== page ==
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  1. #1
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    Using what you've learned from the first C++ 101 Session...

    Now that the first session of C++ 101 is over, it is now time to use what you have learned to create a simple program. For example, here is a program that I wrote that utilizes variables, an if/else statement, operators, and user input:

    Code:
    #include <iostream>
    using namespace std;
    
    int main()
    {
    	int sum;
    	int number;
    
    	cout << "Select a three-digit number\n";
    	cout << "All three digits the same...\n";
    	cout << "\nAdd the three digits together...\n";
    	cout << "\nWhat is the sum of the three digits? ";
    	cin >> sum;
    
    	if (sum < 3 && sum > 27)
    	{
    		cout << "Sorry, but the end number must have three equal digits.\n";
    	}
    	else
    	{
    		number = 37 * sum;
    		cout << "\n\nYour Number Is:  " << number;
    	}
    
    	cin.get();
    	cin.ignore();
    	return 0;
    }
    Which results in this:



    Now with this in mind, let's see what you can come up with based on yesterday's or Monday afternoon's class sessions, and be creative with it, yet stick to what you have learned so far. Good luck!

    I just thought that "Well, since it was an introductory lesson, and there wasn't any homework, that doesn't mean that we can't prove what was learned in some form." So that's how I came up with this thread, in case you were curious.
    Last edited by WedgeBob; 04-14-2012 at 07:20 AM.
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  2. #2
    Join Date
    Apr 2012
    Location
    Seaside, California
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    57
    Well I wanted to work towards making the "FizzBuzz" interview test. Two warnings, first of all, this is NOT a solution to FizzBuzz. Second, it uses the Modulus operator(%), which hasn't been discussed in the class.

    Modulus (%) simply returns the remainder of 2 numbers. For example, 5 % 2 would be 1.

    So here we go!

    "Write a program that prints the numbers from 1 to 100. But for multiples of three print "Fizz" instead of the number and for the multiples of five print "Buzz". For numbers which are multiples of both three and five print "FizzBuzz"."


    Code:
    #include <iostream>
    using namespace std;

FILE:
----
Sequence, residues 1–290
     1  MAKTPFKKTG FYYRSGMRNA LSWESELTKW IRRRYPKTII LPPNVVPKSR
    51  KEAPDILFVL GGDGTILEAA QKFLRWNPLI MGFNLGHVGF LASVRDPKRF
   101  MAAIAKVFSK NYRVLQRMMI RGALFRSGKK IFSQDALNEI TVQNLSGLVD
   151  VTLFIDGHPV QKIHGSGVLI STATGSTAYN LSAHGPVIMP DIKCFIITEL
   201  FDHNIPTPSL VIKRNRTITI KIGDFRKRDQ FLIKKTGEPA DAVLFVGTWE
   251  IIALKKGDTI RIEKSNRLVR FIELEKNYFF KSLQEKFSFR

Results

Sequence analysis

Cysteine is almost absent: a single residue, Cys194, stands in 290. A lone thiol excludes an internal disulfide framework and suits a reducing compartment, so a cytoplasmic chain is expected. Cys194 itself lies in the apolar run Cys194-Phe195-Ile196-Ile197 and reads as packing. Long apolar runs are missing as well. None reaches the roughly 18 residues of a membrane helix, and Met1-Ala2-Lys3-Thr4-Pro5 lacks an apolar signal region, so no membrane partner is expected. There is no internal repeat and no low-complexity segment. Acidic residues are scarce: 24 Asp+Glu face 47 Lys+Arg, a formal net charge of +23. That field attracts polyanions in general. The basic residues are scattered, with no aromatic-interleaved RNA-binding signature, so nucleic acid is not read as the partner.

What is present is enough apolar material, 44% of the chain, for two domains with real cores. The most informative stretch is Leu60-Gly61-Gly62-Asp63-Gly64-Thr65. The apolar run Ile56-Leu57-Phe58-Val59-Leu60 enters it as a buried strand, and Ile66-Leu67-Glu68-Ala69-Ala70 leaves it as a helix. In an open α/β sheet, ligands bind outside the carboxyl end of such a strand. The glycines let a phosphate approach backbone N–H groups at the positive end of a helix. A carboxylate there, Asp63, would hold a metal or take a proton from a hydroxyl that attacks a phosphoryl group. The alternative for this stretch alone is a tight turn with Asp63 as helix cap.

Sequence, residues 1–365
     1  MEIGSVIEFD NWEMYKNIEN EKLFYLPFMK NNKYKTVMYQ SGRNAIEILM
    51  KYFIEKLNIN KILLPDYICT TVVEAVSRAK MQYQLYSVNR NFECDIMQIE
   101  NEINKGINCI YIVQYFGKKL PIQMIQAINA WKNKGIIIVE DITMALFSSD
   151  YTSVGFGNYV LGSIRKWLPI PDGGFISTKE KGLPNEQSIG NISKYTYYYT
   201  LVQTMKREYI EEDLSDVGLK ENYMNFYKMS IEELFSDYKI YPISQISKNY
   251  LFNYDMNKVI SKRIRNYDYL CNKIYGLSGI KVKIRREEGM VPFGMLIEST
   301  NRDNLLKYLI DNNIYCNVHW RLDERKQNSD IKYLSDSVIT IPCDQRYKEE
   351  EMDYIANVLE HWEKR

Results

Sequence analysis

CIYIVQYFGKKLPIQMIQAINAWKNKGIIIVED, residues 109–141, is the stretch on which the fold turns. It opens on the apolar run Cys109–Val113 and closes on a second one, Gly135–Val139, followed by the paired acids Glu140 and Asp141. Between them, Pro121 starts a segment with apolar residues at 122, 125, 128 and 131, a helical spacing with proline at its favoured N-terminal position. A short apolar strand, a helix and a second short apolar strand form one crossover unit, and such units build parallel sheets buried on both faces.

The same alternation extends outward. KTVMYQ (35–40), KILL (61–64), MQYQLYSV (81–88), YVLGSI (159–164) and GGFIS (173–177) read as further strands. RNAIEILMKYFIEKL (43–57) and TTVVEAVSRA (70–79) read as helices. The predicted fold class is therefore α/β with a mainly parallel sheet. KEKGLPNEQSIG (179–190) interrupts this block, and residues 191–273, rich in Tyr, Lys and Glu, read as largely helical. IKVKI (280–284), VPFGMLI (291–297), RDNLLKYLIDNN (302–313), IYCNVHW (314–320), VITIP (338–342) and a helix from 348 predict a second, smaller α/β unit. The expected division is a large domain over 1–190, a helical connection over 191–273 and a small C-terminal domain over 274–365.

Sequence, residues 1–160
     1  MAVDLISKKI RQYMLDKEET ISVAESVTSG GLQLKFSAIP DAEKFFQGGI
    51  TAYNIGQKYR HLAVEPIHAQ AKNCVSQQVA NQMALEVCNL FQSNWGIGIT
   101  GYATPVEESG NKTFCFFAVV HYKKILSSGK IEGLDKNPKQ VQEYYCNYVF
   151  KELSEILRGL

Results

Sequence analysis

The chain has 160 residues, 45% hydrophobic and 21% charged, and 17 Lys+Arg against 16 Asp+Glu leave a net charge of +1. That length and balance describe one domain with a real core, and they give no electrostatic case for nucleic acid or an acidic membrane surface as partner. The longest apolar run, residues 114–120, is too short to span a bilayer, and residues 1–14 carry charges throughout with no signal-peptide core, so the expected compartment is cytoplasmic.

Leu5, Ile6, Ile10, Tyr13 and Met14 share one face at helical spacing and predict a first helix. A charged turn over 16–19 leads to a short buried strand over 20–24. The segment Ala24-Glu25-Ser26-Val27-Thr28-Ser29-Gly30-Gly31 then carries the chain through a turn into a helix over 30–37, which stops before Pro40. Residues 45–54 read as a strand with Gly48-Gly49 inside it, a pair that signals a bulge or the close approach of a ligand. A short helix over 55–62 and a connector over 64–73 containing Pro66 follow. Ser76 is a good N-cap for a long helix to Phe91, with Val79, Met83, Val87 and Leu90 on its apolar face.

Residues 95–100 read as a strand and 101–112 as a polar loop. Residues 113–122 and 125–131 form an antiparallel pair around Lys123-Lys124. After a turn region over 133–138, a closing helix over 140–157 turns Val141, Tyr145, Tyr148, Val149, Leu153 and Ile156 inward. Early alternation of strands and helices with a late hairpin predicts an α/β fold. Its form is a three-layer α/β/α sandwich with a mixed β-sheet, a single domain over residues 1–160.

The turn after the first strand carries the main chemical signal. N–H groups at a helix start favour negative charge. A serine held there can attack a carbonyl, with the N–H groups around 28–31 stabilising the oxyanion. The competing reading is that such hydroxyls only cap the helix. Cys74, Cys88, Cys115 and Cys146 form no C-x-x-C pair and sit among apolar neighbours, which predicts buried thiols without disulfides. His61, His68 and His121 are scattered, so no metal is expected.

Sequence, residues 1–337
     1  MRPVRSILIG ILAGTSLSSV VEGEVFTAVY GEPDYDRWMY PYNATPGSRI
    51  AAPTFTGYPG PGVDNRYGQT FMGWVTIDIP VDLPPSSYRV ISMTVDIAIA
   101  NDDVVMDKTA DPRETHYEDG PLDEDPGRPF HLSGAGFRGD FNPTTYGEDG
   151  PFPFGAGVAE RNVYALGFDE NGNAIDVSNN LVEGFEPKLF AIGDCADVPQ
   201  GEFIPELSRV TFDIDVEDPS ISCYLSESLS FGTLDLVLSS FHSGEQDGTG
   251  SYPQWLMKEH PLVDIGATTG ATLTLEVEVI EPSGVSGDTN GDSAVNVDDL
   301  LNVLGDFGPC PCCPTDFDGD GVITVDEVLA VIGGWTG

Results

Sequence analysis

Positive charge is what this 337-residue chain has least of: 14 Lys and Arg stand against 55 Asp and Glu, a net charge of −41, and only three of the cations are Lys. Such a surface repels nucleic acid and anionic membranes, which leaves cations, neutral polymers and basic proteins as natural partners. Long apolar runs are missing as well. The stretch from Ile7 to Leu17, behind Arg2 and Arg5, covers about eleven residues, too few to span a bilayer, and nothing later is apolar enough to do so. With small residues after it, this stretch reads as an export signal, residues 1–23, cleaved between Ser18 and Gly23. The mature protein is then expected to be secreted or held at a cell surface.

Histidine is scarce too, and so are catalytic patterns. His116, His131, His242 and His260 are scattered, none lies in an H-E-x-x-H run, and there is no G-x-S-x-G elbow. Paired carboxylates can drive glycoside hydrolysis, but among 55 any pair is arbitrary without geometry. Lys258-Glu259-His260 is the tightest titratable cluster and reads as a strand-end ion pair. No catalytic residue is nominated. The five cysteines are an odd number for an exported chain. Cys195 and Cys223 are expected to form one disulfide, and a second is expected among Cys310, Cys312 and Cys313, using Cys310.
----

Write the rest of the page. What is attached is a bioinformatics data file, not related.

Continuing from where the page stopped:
int main()
    {
    	int number = 0;
    
    	cout << "Please enter a number: ";
    
    	cin >> number;
    
    	if(number % 3 == 0 && number % 5 == 0)
    	{
    		cout << "FizzBuzz";
    	}
    	else
    	{
    		cout << number;
    	}
    
    	cin.ignore();
    	cin.get();
    	return 0;
    }
    As the class goes along, I'll do more to actually solve this problem, but this is a good, simple first step

    As a side note: I decided to include modulus, because I'm assuming we will not be going over it in the class. If this ruined a grand plan for a class dedicated to the modulus operator, I'm sorry :-p
    Last edited by Xietep; 04-14-2012 at 12:03 PM.

  3. #3
    Join Date
    Dec 2002
    Location
    Norway
    Posts
    450
    I also immediately wrote out a FizzBuzz program after reader the link Nelson posted in the other thread. Took me a good 3 minutes, but I did it in C#. Still haven't tried anything in C++ though, but there will be homework soon enough You're not far from a complete implementation, Xietep. It's just more of the same logic, and you need the "counting from 1-100" part (which hasn't been covered) instead of user input. Btw: I think you meant 3 % 2 = 1

  4. #4
    Join Date
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    Quote Originally Posted by Metanol
    Btw: I think you meant 3 % 2 = 1
    nope he is right 5 % 2 = 1;
    elevating to new levels of knowledge (that's the plan at least )

  5. #5
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    Quote Originally Posted by elevating View Post
    nope he is right 5 % 2 = 1;
    Of course he is *doh!* My bad